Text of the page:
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 Protesters Question, ‘Do Black Lives Matter’ After St. Louis Ex-Cop Acquittal  
By Kimberlee Buck, Staff Writer 
Published September 21, 2017

This undated file photo provided by the St. Louis Police Department, shows former St. Louis police officer Jason Stockley, who was charged in May 2016 in the Dec. 20, 2011, death of 24-year-old Anthony Lamar Smith, a black man who was a drug suspect and was shot and killed after a high-speed chase. Videos obtained by the St. Louis Post-Dispatch provide new insight into a fatal shooting that led to first-degree murder charges against Stockley, who was carrying a personal assault rifle against police policy. (St. Louis Police Department via AP, File)

Nationwide marches and protests broke out this past weekend after a Missouri City judge ruled now-former police officer, Jason Stockley, not guilty of first-degree murder for the 2011 shooting death of Black motorist, Anthony Lamar Smith.

This undated family photo supplied by Christina Wilson shows Anthony Lamar Smith holding his daughter Autumn Smith. Anthony Lamar Smith was killed in 2011 during a confrontation with police. A judge may be close to a ruling in the case against Former St. Louis police officer Jason Stockley, who is charged with first-degree murder and armed criminal action in the December 2011 shooting death of Smith. Gov. Eric Greitens says he’s has put the National Guard on standby in case unrest breaks out. (Family photo courtesy Christina Wilson via AP)

On December 20, 2011, Stockley attempted to pull over Smith for a suspected drug transaction. Smith refused to stop resulting in a high-speed chase. During the chase, the police car crashed. Soon after, Stockley proceeded to get out of his vehicle armed with an AK-47, walked up to Smith’s vehicle firing five times at point blank range.

When it came time for the case to go to trial, Stockley pleaded not guilty to the charges, waived his right to jury trial and instead stood before a judge. He claimed he acted in self-defense and believed Smith, 24 was reaching for a weapon in the car.

Protesters march down, Friday, Sept. 15, 2017, in downtown St. Louis, after a judge found a white former St. Louis police officer, Jason Stockley, not guilty of first-degree murder in the death of a black man, Anthony Lamar Smith, who was fatally shot following a high-speed chase in 2011. (AP Photo/Jeff Roberson)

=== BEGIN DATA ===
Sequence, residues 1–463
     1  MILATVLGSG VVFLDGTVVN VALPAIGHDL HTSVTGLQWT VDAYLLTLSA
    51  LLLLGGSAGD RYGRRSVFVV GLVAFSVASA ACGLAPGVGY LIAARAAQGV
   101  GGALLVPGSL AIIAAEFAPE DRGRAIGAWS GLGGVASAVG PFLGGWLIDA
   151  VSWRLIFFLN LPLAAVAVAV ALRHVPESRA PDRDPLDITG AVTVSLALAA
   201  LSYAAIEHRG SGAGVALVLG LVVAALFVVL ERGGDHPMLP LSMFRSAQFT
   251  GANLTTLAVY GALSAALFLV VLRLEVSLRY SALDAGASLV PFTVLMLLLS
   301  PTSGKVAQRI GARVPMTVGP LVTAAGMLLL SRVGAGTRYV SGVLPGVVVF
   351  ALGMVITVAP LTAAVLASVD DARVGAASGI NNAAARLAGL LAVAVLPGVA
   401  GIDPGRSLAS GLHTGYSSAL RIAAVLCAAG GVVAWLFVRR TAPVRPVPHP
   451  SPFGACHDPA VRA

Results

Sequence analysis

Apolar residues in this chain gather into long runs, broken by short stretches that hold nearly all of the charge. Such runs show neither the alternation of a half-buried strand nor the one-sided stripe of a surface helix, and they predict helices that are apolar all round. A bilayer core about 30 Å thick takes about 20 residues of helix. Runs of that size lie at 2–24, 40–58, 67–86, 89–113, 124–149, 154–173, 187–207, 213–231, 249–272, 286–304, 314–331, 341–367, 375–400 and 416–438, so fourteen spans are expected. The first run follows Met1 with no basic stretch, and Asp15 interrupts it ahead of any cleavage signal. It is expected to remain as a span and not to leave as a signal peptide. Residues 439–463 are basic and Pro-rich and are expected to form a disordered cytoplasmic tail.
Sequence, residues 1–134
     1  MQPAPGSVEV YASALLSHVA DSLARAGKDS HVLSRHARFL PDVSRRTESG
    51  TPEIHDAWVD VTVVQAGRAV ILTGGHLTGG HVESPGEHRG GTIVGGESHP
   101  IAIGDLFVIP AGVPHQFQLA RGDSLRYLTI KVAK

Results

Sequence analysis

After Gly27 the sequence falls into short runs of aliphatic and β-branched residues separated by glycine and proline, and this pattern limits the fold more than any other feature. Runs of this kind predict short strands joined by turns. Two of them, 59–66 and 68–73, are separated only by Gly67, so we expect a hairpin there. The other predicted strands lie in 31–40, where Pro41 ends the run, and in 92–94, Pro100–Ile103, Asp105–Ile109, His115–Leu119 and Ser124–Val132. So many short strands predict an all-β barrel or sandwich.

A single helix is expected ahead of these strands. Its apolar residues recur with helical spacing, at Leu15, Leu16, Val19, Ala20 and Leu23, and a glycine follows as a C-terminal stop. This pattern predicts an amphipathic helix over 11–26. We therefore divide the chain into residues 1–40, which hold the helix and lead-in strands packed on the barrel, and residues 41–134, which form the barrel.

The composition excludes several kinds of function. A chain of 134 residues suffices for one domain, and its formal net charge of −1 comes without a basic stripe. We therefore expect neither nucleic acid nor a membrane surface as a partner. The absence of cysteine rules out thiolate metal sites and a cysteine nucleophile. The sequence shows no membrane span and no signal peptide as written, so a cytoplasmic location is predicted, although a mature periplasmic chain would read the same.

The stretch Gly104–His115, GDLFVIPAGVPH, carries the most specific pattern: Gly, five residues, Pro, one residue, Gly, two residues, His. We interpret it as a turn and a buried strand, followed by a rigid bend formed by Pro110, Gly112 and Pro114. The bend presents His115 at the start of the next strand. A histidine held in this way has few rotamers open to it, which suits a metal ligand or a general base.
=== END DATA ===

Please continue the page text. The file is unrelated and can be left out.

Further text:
According to witnesses, Smith did not have a weapon.

However, prosecutors have accused Stockley of justifying the shooting by planting a gun in Smith’s car. To support their claim, prosecutors pointed out Stockley’s DNA was found on the gun, not Smith’s.

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“This court, in conscience, cannot say that the state has proven every element of murder beyond a reasonable doubt, or that the state has proven beyond a reasonable doubt that the defendant did not act in self-defense,” read the ruling handed down by St. Louis Circuit Judge Timothy Wilson.

Protesters gather, Friday, Sept. 15, 2017, in St. Louis, after a judge found a white former St. Louis police officer, Jason Stockley, not guilty of first-degree murder in the death of a black man, Anthony Lamar Smith, who was fatally shot following a high-speed chase in 2011. (AP Photo/Jeff Roberson)

The news left community members enraged, disappointed, and confused resulting in numerous people coming out for a peaceful protest on Friday, September 15.

Entertainer and business mogul, Nick Cannon, known for the MTV show, “Wildin Out,” was among the many protesters in St. Louis. Cannon marched wearing a Colin Kaepernick jersey supporting the former 49ers quarterback.

Film and television star Nick Cannon marches with protesters down Delmar on Saturday, September 16. (Photo Courtesy Twitter via St. Louis American)

Later that night, things took a turn for worse, as a new crowd of violent protesters emerged and law enforcement was forced to use tear gas to break up the crowd. Since the announcement of the acquittal, St. Louis has experienced two unruly nights of violent protests. Dozens of windows were broken at businesses, objects were thrown at officers, and rocks were thrown at St. Louis Mayor Lyda Krewson’s home.

Police ordered the crowd to disperse, stating the protest was unlawful but the crowd refused. Hundreds of officers in riot gear moved in with armored vehicles.

Since Stockley’s acquittal, nearly three-dozen people were arrested and 11 police officers were injured, including a broken jaw and dislocated shoulder. According to Associated Press, five officers were taken to hospitals.

Police arrest a man as demonstrators march in response to a not guilty verdict in the trial of former St. Louis police officer Jason Stockley, Sunday, Sept. 17, 2017, in St. Louis. Stockley was acquitted in the 2011 killing of a black man following a high-speed chase. (AP Photo/Jeff Roberson)

As of press time, the Smith family has not released a statement.

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